What happened to the Adirondack Park Agency’s classification of the Boreas Ponds Tract? Months have passed with no sign of it on the APA’s monthly agenda. Information does seep out here and there, and it’s not encouraging. By now it’s no secret that plans are afoot for the Boreas classification that have nothing to do with the intended, legal process: namely development of the Draft Supplemental Environmental » Continue Reading.
It’s harvest time. Tomatoes, corn, beets, carrots, peppers and other fruits and vegetables are readily available from farmers’ markets, roadside stands, and your own gardens. Preserving the bounty safely for the winter can be economical, delicious, and safe if laboratory tested rules for food preservation are followed.
Since 1994, testing facilities, universities and the USDA tested recipes and directions used in food preservation books seven times in different areas of the country and under different conditions to assure that directions to be used would assure the product canned would be shelf stable, nutritious, flavorful, and free from both food spoiling bacterium and deadly bacterium such as » Continue Reading.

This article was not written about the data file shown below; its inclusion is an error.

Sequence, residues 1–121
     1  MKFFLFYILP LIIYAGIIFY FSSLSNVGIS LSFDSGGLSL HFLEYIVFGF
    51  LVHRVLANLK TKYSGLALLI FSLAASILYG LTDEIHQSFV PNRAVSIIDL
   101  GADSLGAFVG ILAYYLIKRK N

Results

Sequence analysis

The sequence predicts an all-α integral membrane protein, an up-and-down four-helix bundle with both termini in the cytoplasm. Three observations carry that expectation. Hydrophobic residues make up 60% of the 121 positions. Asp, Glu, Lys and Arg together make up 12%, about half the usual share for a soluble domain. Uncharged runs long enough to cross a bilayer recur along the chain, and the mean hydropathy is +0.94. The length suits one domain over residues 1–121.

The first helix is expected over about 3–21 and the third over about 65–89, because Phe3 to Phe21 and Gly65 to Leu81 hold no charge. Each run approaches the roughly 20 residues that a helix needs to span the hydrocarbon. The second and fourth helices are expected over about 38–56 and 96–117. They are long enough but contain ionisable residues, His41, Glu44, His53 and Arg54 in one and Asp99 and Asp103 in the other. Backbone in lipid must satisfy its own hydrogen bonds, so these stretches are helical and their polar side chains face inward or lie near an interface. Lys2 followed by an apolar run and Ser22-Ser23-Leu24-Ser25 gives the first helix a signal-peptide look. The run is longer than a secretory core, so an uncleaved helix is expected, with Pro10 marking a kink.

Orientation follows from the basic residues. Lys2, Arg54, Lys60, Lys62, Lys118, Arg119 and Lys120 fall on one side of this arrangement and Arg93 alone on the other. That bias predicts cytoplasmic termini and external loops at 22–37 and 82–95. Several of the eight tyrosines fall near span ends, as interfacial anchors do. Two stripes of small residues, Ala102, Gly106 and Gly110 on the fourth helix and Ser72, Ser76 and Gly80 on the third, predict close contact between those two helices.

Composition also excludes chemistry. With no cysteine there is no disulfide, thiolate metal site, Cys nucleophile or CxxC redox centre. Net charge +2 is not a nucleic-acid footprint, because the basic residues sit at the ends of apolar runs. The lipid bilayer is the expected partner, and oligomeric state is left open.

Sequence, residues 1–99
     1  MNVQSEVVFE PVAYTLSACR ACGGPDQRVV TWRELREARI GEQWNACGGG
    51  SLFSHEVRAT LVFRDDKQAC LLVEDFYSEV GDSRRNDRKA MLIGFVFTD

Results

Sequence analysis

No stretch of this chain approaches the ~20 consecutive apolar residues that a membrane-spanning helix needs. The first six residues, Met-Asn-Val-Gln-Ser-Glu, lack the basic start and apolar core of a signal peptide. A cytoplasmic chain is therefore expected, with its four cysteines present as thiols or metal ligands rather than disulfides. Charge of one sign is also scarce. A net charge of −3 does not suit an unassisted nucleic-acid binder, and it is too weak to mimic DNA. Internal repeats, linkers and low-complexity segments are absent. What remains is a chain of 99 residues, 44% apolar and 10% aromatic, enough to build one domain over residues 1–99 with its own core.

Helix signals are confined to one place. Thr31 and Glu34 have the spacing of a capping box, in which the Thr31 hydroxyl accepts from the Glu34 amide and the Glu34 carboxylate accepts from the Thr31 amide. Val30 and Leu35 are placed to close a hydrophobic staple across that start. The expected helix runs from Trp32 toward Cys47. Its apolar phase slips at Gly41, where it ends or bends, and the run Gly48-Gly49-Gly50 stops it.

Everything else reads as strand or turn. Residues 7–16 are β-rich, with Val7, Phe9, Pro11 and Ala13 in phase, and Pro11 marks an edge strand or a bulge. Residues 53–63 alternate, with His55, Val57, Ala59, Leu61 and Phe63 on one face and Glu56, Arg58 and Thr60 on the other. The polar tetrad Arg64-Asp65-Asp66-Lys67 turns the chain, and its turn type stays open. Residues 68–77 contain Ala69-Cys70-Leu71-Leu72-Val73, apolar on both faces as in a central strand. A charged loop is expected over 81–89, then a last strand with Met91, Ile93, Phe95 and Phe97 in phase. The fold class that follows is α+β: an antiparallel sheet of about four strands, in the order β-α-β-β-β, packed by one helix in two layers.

Considering the climate where the personification of evil is alleged to make his home, you’d think the devil would wear flip-flops or something, but it seems he prefers lace-up footwear (Prada, I’m told). “Devil’s shoelaces” is one name applied to dodder (Cuscuta spp.), a parasitic plant that looks more like creepy yellow-orange spaghetti than a plant. Dodder is known by a whole slew of unflattering titles including wizard’s net, strangleweed, witch’s hair, and hellbine. As these names suggest, dodder has earned itself quite a sinister reputation, which is » Continue Reading.
Last fall a rusted old military bayonet was unearthed on private property just east of Loon Lake in Warren County. It was taken to David Starbuck, a noted local historical and industrial archeologist who has written extensively on Fort William Henry on Lake George.
Coincidentally, on that day Jesse Zuccaro, a student who has focused his studies on early bayonets, happened to be visiting Starbuck. Together they inspected this new find. » Continue Reading.
Why would a climber want to visit something called Moss Cliff? Though the name conjures up some dank, low-angled slab wrapped in a living green carpet, the reality is quite different. This best of Adirondack cliffs is not so mossy. In fact, it’s among the cleanest, driest, most appealing rock walls in the Northeast — in my opinion, the » Continue Reading.